Ketzer Records, 2011
Genre: Black Metal
1. Fucking Slaves
2. Humanity: The Flesh for Satan's Pigs
3. The Last Dawn of Human Race
4. The Gate of Nanna (Beherit Cover)
5. Incantations of Dark Gates
6. The Blackest Blasphemy
7. All Bullets of War
I think this was a somewhat random purchase for me. A couple of my motivators was the fact that I really like Czech Black Metal and I think I noticed that Asura was a member of Trollech, and having a Lord Morbivod connection is never bad in my books. So, I picked this up not really knowing what to expect. What we got was a little mixed, but some decent tracks of traditional Black Metal.
The first three tracks are filled with wonderful guitar work done in the usual Czech fashion, drawing influence from the likes of Maniac Butcher and, naturally, Stiny Plamenu and Trollech. There are times that the work has a fairly Finnish feel to it at times. I guess the Beherit cover should come as no surprise then! The only complaint I have during this material is the vocal performance, which isn't particularly great, but it's not terrible either. The part that makes it a bit off putting is the fact that the vocals are very loud in the mix. They really overtake the music and Asura feels like doing the Arioch thing where he fills as much space as possible with vocals. It's quite unfortunate, because the music underneath is extremely good. Then for some reason "The Last Dawn of Human Race" has a very distinct Darkthrone influence, which feels very out of place with the previous guitar work. I think it even bears a resemblance to the more modern Darkthrone, which I, personally, don't like at all. It's fine if these musicians like that, but the placement feels very off putting after the prior three tracks.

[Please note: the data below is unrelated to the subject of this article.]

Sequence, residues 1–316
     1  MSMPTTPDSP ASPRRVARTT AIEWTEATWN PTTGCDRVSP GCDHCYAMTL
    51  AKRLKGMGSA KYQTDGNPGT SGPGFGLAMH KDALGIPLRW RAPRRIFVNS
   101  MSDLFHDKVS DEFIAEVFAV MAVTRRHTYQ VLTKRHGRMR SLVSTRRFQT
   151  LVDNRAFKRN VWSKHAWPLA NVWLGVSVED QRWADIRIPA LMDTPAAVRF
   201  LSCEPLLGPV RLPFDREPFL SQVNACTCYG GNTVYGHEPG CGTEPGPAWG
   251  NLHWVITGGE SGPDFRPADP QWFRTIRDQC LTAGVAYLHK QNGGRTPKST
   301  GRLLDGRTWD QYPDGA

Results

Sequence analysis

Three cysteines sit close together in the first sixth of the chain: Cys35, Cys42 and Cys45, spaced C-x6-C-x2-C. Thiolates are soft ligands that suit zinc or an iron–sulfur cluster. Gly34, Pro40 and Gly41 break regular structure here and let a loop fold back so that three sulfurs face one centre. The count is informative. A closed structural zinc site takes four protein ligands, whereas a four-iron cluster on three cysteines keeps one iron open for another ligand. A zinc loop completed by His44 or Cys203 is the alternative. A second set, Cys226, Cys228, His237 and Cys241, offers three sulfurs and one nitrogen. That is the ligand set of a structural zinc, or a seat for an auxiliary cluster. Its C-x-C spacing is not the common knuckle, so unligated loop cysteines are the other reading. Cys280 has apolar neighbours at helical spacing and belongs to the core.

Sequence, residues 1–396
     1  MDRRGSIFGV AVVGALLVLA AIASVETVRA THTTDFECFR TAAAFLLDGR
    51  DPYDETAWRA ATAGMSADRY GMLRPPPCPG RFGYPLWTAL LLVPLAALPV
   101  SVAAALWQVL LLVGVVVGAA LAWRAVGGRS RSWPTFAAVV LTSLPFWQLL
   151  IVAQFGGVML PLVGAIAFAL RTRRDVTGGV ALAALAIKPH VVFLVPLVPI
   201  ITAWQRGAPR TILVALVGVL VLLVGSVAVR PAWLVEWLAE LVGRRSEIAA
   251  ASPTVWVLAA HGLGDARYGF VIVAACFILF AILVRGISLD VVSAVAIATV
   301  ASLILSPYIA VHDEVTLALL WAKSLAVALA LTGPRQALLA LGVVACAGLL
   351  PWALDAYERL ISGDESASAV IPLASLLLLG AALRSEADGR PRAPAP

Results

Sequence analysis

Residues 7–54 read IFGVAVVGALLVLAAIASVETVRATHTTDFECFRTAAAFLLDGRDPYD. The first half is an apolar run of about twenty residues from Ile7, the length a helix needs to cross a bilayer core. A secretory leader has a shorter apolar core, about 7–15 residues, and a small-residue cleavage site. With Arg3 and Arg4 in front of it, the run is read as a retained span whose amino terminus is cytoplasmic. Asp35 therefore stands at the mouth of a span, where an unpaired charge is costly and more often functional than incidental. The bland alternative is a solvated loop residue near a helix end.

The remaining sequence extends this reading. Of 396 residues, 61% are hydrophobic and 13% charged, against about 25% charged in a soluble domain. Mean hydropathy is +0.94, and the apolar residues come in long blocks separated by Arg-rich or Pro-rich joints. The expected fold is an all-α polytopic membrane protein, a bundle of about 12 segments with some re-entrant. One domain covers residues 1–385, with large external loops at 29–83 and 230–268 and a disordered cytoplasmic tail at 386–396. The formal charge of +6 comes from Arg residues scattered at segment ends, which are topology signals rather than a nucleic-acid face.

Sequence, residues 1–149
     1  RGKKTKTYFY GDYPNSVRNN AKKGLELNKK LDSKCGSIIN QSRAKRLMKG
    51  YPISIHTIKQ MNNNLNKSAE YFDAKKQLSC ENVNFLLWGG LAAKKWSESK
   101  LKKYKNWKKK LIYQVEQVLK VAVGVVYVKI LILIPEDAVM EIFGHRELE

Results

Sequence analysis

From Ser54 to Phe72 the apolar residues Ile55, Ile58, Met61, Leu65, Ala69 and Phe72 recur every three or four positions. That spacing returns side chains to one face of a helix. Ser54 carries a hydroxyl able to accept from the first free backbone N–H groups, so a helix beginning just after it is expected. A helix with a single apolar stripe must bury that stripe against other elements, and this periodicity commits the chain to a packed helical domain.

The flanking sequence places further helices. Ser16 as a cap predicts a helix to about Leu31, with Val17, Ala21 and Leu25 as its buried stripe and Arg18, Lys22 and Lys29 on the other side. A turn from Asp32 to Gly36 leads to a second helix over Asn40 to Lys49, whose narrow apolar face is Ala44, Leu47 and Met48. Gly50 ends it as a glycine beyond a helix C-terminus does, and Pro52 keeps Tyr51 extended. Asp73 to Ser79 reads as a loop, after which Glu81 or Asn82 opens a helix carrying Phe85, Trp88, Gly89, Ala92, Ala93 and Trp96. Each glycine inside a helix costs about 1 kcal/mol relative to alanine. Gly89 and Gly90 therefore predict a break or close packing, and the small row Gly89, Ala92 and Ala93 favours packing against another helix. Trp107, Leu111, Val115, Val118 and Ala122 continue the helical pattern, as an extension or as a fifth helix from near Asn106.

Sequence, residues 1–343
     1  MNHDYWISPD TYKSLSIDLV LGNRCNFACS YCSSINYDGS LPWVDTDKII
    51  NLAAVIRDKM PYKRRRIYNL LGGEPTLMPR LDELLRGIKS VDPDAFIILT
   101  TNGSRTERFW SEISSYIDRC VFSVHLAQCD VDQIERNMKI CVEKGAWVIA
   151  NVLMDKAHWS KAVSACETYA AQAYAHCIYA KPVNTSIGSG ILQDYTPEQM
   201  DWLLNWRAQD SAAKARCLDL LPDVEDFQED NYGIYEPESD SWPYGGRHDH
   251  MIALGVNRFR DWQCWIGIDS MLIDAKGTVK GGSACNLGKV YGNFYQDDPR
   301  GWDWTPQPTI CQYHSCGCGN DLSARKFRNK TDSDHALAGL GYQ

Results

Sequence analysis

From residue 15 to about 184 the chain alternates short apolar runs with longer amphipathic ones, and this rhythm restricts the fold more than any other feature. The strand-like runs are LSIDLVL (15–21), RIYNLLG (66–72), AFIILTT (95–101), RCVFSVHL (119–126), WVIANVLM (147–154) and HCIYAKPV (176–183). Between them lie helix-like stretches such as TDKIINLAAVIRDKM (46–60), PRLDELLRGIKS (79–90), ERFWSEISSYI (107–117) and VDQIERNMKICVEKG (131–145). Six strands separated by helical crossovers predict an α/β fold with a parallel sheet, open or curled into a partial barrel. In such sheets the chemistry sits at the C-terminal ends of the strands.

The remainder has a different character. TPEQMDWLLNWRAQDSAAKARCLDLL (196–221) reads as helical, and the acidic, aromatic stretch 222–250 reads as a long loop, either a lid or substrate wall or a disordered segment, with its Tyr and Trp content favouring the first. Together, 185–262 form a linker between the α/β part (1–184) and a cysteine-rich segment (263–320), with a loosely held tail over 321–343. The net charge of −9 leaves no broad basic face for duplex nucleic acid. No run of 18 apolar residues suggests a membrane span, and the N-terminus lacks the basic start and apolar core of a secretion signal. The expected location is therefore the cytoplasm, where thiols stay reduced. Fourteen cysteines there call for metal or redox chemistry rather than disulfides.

This section sort of marks a turning point for the album and we delve deeper down that slow plodding Darkthrone hole, granted in a far more traditional Black Metal fashion like their middle career. There is attempt at infusing groove/catchiness into sections, but much of these slow sections seem to fall into Beherit fashioned writing, but not as much of a mess as the original. If you enjoy that Beherit and Darkthrone blend, you may find far more enjoyment out of this release than I did towards the end.
I just feel like I've sort of been lead astray from the beginning. What started off as some Black Metal I truly love ended up transforming into a totally different style of Black Metal towards the end. I can understand being influenced by multiple things, but with such stark differences and a clear line where it shifts this winds up feeling like two musical projects shoved together. Still, I'm sure there is a fanbase for the latter half of the album, it's just not me, because Grondhaat have certainly performed that style quite well. The only overarching complaint through all the tracks is the vocals need to be turned down.